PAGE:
Is it Possible that More Conservatives are Getting a Clue About Criminal Justice Reform and Even the War on (Some) Drugs?
Up until about Monday of this week, such a question would have made me laugh. As I have increasingly involved myself in criminal justice issues, I have found the Democrats to be slightly more willing to take on the Prison Industrial Complex, mandatory minimum sentences, and decriminalization (if not outright legalization) of marijuana. These Democrats are typically vilified as being “soft on crime” for suggesting alternatives to hard time for non-violent crimes such as the ones I recently wrote about in my movie review for It’s More Expensive to do Nothing.
And no, I’m not talking about Ron Paul/Rand Paul*Gary Johnson, or Republican Liberty Caucus Conservatives here, I’m referring to the traditionally “tough on crime” Social Conservatives like Texas Gov. Rick Perry and former Attorney General Ed Meese who usually take pride in legislating morality. Radley Balko wrote an article at Reason about this new Conservative project called Right on Crime. While I haven’t had the chance to review the website for myself, what Balko has reported about the project is very encouraging: they actually recognize many of the very problems I have been writing about such as the size and makeup of the prison population, recidivism, and the economic and social costs associated with each.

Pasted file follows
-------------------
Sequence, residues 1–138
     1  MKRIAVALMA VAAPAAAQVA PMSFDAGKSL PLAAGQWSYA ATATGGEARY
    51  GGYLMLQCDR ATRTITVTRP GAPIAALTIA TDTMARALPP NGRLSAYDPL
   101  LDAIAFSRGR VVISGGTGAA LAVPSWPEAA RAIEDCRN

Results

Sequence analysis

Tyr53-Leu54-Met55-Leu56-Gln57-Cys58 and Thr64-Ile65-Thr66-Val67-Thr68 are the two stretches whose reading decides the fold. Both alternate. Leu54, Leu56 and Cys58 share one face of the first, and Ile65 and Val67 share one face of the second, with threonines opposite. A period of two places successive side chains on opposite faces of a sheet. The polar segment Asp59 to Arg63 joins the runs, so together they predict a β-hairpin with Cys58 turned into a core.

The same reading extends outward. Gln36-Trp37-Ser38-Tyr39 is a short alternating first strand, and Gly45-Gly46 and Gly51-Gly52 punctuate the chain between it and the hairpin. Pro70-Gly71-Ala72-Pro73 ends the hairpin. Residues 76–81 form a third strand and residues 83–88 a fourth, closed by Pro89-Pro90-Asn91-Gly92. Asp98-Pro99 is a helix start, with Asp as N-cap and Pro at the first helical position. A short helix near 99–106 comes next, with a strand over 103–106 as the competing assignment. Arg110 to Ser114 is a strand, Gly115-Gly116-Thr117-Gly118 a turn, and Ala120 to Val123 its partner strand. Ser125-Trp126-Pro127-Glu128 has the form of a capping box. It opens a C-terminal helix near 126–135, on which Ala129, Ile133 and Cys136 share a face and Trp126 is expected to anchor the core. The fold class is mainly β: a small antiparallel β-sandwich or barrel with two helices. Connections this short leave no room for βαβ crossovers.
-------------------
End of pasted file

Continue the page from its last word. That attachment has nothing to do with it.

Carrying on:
As if this new project wasn’t enough to get my attention, there was this video that first saw yesterday on my Facebook page from something Pat Robertson said:
Did Pat Robertson just come out in favor of decriminalizing marijuana and criticize mandatory minimum sentences? It’s a freaking Christmas miracle!
While I don’t necessarily agree with some of Right on Crime’s and Robertson’s proposed solutions to reforming the criminal justice system, I find it very encouraging that they are at least beginning to recognize the problems associated with the “tough on crime” mentality. Perhaps now Libertarians, Conservatives, and Progressives can actually have a much needed adult conversation about these issues and find some common ground.
That would at least be a start.
*Rand Paul who himself was unjustly vilified during his senatorial campaign for being “soft on crime” for suggesting that individuals should be put behind bars for only committing violent crimes.